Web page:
Denmark vs. Cameroon, 2:30 p.m., June 19, ABC Denmark vs. Japan, 2:30 p.m., June 24, ESPN
Cameroon vs. Netherlands, 2:30 p.m., June 24, ESPN2
Slovakia, New Zealand, Paraguay, Italy
Defending champion Italy has lots of familiar faces from the 2006 success, led by keeper Gianluigi Buffon and defender Fabio Cannavaro. Coach Marcello Lippi left the national team after the Azzurri won their fourth world title, but then returned and has displayed loyalty to many players. That could cost the Italians in the end, because just a modicum of youth has been injected into the squad. Still, the Italians are solid on the back line and have creativity in Andrea Pirlo, Daniele De Rossi, and Alberto Gilardino.
Paraguay comes in hopeful that such key players as forwards Roque Santa Cruz, Lucas Barrios, and Oscar Cardozo are fit. This team needs offense to succeed, although keeper Justo Villar has extra incentive after getting hurt early in Paraguay's 2006 Cup opener and missing the rest of the event.
Slovakia has a father-son duo in coach Vladimir Weiss and midfielder Vladimir Weiss. It doesn't have a lot of scorers.
New Zealand might be the weakest team in the field, though it has two English leagues regulars in defender and captain Ryan Nelsen of Blackburn and striker Chris Killen of Middlesbrough.
Italy vs. Paraguay, 2:30 p.m., Monday, ESPN
New Zealand vs. Slovakia, 7:30 a.m., Tuesday, ESPN
Paraguay vs. Slovakia, 7:30 a.m., June 20, ESPN
Italy vs. New Zealand, 10 a.m., June 20, ESPN
Slovakia vs. Italy, 10 a.m., June 24, ESPN
Paraguay vs. New Zealand, 10 a.m., June 24, ESPN2
Brazil, North Korea, Ivory Coast, Portugal
This is perhaps the most exciting group because of the scoring potential of Brazil, Ivory Coast, and Portugal, and the mystery of North Korea. Collectively they are this tournament's "Group of Death," and that handle is well-earned.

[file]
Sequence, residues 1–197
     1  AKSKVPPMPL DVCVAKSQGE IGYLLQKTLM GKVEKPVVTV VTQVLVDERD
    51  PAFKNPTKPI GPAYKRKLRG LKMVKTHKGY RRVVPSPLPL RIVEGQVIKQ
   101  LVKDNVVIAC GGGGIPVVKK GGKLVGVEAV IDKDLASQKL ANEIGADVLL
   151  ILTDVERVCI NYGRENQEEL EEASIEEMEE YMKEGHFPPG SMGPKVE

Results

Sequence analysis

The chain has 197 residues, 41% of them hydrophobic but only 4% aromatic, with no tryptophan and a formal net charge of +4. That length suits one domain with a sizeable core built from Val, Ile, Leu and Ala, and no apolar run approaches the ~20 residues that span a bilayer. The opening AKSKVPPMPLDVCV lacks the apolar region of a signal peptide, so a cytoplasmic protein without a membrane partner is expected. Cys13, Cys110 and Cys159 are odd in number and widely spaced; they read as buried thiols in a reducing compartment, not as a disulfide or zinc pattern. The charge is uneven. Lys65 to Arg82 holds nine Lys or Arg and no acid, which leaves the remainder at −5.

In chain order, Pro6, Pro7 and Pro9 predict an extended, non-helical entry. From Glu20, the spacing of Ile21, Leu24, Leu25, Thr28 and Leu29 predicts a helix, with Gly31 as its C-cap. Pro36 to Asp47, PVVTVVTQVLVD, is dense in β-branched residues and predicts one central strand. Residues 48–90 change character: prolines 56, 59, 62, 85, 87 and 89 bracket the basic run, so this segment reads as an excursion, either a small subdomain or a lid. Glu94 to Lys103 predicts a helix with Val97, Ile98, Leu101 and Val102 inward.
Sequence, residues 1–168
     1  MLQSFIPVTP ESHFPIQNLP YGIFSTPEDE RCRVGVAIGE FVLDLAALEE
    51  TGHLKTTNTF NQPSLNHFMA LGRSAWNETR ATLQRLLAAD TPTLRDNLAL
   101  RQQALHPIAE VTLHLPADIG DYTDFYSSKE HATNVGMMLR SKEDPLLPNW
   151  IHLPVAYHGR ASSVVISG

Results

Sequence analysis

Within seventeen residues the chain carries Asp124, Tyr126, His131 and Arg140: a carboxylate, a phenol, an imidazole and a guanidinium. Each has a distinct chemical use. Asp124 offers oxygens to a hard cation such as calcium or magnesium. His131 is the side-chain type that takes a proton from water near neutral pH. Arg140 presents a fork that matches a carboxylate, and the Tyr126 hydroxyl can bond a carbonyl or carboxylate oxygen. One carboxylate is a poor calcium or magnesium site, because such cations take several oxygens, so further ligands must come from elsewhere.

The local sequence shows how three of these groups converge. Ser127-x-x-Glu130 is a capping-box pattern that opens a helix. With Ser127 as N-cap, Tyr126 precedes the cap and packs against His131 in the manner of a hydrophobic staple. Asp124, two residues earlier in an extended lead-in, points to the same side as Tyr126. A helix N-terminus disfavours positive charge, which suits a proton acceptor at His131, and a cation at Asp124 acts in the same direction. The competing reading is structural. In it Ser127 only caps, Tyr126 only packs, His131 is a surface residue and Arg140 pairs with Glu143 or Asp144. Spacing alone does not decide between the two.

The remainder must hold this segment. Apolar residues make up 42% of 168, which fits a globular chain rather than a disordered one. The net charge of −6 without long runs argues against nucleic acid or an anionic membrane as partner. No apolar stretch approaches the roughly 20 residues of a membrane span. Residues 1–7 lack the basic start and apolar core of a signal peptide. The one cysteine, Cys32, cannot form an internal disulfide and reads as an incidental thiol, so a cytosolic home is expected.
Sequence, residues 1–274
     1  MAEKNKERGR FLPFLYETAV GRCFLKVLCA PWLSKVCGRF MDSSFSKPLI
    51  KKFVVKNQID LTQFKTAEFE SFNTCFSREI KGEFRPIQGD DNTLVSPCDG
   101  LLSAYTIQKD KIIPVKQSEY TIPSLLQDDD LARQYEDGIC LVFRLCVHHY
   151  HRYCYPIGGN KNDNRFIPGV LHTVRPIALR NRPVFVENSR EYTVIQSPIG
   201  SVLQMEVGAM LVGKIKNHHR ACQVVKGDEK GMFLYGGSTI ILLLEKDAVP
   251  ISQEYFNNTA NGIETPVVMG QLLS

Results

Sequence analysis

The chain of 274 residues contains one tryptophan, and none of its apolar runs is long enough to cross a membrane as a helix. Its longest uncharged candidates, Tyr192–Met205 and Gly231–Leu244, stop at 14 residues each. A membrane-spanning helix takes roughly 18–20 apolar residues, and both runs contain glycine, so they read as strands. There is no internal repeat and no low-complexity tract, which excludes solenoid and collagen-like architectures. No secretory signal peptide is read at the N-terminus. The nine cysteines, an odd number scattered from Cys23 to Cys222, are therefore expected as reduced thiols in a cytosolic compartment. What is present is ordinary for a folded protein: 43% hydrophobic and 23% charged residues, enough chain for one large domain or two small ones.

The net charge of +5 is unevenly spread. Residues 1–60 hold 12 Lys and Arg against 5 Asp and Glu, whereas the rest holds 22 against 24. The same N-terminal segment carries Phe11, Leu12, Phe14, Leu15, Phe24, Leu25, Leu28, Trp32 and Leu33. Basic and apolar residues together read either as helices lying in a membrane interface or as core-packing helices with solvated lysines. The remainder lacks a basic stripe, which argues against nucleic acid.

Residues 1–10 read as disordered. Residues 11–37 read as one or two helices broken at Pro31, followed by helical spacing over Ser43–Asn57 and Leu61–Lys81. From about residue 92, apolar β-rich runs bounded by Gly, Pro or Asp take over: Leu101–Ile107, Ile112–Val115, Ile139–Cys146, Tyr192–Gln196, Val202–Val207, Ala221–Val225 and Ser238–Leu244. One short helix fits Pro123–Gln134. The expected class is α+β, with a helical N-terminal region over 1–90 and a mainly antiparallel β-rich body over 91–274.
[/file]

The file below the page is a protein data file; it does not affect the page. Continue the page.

Although five-time world champion Brazil is not expected to bring the samba style of its classic teams to South Africa, Coach Dunga's squad is loaded with players who can score, including Kaka, Luis Fabiano, Robinho, and Nilmar. Still, their key players might be keeper Julio Cesar and defenders Maicon and Lucio.
The Ivorians' star scorer, Didier Drogba, has a broken arm. If they have Drogba and brothers Yaya and Kolo Toure, the Elephants probably are the top African team in the tournament. But the defense is suspect.
Portugal has Cristiano Ronaldo, the 2008 FIFA World Player of the Year.
What do the North Koreans have? Who knows?
Ivory Coast vs. Portugal, 10 a.m., Tuesday, ESPN
Brazil vs. North Korea, 2:30 p.m., Tuesday, ESPN
Brazil vs. Ivory Coast, 2:30 p.m., June 20, ABC North Korea vs. Portugal, 7:30 a.m., June 20, ESPN
Portugal vs. Brazil, 10 a.m., June 25, ESPN
North Korea vs. Ivory Coast, 10 a.m., June 25, ESPN2
Chile, Honduras, Switzerland, Spain
European champion Spain rarely does well at the World Cup, but this is its best team ever, including stars Xavi, Andres Iniesta, David Villa, Fernando Torres, and Iker Casillas. Despite recent injuries, it should glide through this bunch, although there are easier groups.
Chile and Honduras can score, but both also can struggle defensively. The Chileans had 32 goals in becoming the surprise team of South American qualifying. Honduras sneaked in during the final minutes of CONCACAF qualifying.
The Swiss showed little while cohosting Euros two years ago, but unlike Austria, at least they made the World Cup field.
Watch for a couple of Suazos who find the net with regularity: Chile's Huberto and Honduras' David. And don't take your eyes off the Spaniards, who play the Brazilian jogo bonito better than Brazil does these days.
Honduras vs. Chile, 7:30 a.m., June 16, ESPN
Spain vs. Switzerland, 10 a.m., June 16, ESPN
Switzerland vs. Chile, 10 a.m., June 21, ESPN
Spain vs. Honduras, 2:30 p.m., June 21, ESPN
Chile vs. Spain, 2:30 p.m., June 25, ESPN
Switzerland vs. Honduras, 2:30 p.m., June 25, ESPN2